Merry cherry! Diarmuid Gavin's top ten cherry trees
Get drunk on the beauty of this spring-flowering tree and its boughs of blossoms
How wonderful has it been to enjoy the spring sunshine? Yes, it's been chilly but garden growth has started responding to the lengthening daylight hours and the spring symphony of colour is in full flow.
Many of the plants which are awakening from winter slumbers are firm favourites which we delight in seeing afresh each year.
One of my strongest childhood memories is of young primary school boys and girls making their First Holy Communion, standing piously as they had their photographs taken under vast clouds of pastel coloured petals.
These trees were as ritually grown along Irish suburban roads as they have been for centuries in Japanese temple gardens. In our grey suburbs their annual flower show was delightfully incongruous with the dirty pebble-dash building and tarmacadam road surroundings. But flowering cherries have the ability to change any landscape.
In Japan, the start of the flowering cherry season is a cause of national rejoicing. Much as we are obsessed by our weather forecasts, in parts of the orient their forecasts at this time of the year alerts to the optimum period to view the flowering trees - they actually have nightly flowering forecasts on TV!
And that's because, in Japan, the floral displays are revered as representational of the fleeting nature of beauty and the tragedy and sadness of its inevitable passing.
Blossoming takes place from mid-March right through to the start of May. And, when the blooms are in their prime, the centuries-old practice of Hanami - picnicking under the blooms - occurs. It often gets messy... emotions are relaxed by the beauty of nature and with the addition of alcohol, mayhem often ensues. As with a regular Saturday night in Dublin's Copper Face Jacks, songs are sung, romances begun, tears are shed - in fact, it is often a veritable riot... in the garden!
We, however, tend to be more reserved and regard the cherry simply as beautiful trees which offer a glorious display, most often in spring. As a species, they're manageable in size, and perfect if you wish for a dramatic pink splash early in the year. So, my top 10 ornamental cherries are:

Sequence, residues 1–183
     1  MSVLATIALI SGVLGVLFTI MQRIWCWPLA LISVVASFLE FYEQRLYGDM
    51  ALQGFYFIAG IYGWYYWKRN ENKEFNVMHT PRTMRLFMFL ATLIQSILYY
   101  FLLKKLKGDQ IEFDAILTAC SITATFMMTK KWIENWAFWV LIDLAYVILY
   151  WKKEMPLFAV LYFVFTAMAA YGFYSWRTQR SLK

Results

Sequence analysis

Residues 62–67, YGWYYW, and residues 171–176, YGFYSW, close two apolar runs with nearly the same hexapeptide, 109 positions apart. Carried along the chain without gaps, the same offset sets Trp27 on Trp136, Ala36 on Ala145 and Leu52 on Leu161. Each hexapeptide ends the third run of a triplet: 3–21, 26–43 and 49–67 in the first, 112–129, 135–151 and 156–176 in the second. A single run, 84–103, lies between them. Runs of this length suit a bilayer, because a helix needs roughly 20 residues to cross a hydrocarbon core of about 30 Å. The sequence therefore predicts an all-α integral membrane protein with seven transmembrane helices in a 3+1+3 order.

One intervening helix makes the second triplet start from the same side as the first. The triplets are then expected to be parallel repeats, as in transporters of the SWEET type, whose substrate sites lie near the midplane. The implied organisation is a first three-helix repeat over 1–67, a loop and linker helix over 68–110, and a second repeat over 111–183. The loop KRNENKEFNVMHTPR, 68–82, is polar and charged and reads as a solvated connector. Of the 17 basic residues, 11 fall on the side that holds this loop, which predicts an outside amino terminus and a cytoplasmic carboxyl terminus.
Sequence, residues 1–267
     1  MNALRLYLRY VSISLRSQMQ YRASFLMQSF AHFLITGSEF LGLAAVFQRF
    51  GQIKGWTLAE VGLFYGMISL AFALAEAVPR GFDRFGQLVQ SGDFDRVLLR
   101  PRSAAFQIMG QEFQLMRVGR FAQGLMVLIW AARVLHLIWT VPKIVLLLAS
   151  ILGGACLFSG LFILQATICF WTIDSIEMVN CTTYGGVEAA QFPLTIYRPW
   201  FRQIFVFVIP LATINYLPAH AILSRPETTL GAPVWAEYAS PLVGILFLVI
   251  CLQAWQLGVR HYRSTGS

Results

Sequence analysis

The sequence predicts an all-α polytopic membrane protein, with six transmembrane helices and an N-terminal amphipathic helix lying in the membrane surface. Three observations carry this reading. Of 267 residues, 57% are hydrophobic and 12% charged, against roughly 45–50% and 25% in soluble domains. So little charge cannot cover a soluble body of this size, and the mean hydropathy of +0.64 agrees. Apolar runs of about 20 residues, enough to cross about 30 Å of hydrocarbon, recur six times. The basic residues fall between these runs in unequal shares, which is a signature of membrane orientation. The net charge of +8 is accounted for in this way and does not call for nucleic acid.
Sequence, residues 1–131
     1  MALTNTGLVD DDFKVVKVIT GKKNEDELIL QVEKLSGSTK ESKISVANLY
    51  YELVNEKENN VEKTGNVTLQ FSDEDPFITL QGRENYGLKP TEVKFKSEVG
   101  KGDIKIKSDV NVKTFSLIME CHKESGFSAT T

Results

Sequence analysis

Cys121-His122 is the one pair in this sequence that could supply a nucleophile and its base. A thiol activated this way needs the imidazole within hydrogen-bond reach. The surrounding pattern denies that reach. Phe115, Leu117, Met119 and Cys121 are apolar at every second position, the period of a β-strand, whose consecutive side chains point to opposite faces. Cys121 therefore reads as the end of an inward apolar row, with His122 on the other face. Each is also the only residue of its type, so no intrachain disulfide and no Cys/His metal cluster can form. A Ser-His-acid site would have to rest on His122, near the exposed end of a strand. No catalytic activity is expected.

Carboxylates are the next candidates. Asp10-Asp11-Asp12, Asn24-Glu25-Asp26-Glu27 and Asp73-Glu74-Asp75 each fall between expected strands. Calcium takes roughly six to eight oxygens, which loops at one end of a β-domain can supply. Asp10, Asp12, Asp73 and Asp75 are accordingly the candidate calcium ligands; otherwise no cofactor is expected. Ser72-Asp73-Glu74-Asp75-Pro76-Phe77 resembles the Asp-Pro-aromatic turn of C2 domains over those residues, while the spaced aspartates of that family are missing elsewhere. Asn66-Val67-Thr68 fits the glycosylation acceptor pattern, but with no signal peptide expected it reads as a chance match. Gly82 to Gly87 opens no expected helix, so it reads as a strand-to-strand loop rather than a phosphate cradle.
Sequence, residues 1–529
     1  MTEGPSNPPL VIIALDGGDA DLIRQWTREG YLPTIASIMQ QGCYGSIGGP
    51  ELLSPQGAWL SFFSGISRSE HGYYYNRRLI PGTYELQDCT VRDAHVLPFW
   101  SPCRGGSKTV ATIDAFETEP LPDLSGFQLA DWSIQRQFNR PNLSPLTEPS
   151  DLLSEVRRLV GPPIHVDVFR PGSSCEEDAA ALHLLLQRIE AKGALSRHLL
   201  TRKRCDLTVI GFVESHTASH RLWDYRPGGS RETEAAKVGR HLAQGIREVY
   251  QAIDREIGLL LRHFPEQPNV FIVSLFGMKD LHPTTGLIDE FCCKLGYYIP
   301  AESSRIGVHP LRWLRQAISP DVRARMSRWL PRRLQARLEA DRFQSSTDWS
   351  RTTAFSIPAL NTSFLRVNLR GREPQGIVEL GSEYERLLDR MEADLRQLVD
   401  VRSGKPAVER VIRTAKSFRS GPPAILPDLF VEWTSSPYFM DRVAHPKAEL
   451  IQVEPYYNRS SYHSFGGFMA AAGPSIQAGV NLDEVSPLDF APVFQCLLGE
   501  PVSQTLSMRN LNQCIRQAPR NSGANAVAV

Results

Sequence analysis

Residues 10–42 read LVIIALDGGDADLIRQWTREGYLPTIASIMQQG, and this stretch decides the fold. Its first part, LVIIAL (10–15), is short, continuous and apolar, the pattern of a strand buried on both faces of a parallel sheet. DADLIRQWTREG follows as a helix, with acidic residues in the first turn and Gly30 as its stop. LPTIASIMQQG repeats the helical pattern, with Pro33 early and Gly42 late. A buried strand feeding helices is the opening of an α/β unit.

1 Yoshino cherry (Prunus Yedoensis)
The Yoshino cherry brings me back to my student days in the Botanic Gardens in Dublin, where a magnificent specimen of this tree stands gracefully behind the herbaceous border with almond-scented blush white flowers - magical.
2 The Fuji cherry (Prunus Incisa)
If you have a small garden or terrace and are keen to cultivate a flowering cherry, try one of the Fuji varieties. With some care, they can be grown even in a pot. The best known of these is Kojo-no-mai which is covered in white blossom in spring and has good autumnal leaf colour. Perfect for a miniature Japanese garden, maybe paired with some Japanese maples such as Acer palmatum dissectum.
3 Tibetan cherry (Prunus Serrula)
Cherries can be notable for their bark as well as their blossom. This has beautiful gleaming bark, like polished mahogany.
4 Kanzan cherry (Prunus Kanzan)
The best known of the pinks, it has been over-planted, but is still, to my mind, one of the most beautiful. It's easy to take it for granted but Kanzan's cerise beauty is not to be underestimated.
5 Shogetsu cherry (Prunus Shogetsu)
White blossoms emanate from pink buds. Petite enough for the small garden, this is one of the best cherries.
6 The Great White cherry (Prunus Tai Haku)
A superb tree for the larger garden with large white dazzling blooms, offset against coppery-red juvenile leaves.
7 Cheal's weeping cherry (Prunus kiku-shidare-zakura)
If you like the very pink ones, one of the bestsellers is this weeping tree, covered in deep pink pompoms (inset).
8 The Mount Fuji cherry (Prunus shirotae)
A beautiful cherry with a spreading habit the Mount Fuji cherry puts on a eye-catching show when it is smothered in very large, fragrant snow-white flowers.
9 Double Gean cherry (Prunus avium plena)
This is a cultivar of our native wild cherry with masses of double white flowers and rich red leaf colour in autumn.
10 Ukon cherry (Prunus ukon)
A curiosity in the cherry world with its blooms taking on a pale yellow and pale green tints - subtle and elegant.
Cherries are not the longest-lived trees - life expectancy is around 60 to 80 years - but they are relatively trouble free. Ideally, plant in an open, sunny position on well-drained soil. They rarely require pruning but if it is necessary, prune after flowering to avoid infection by silver leaf fungal disease. Shallow roots can cause problems near pathways or lawns, so plant accordingly.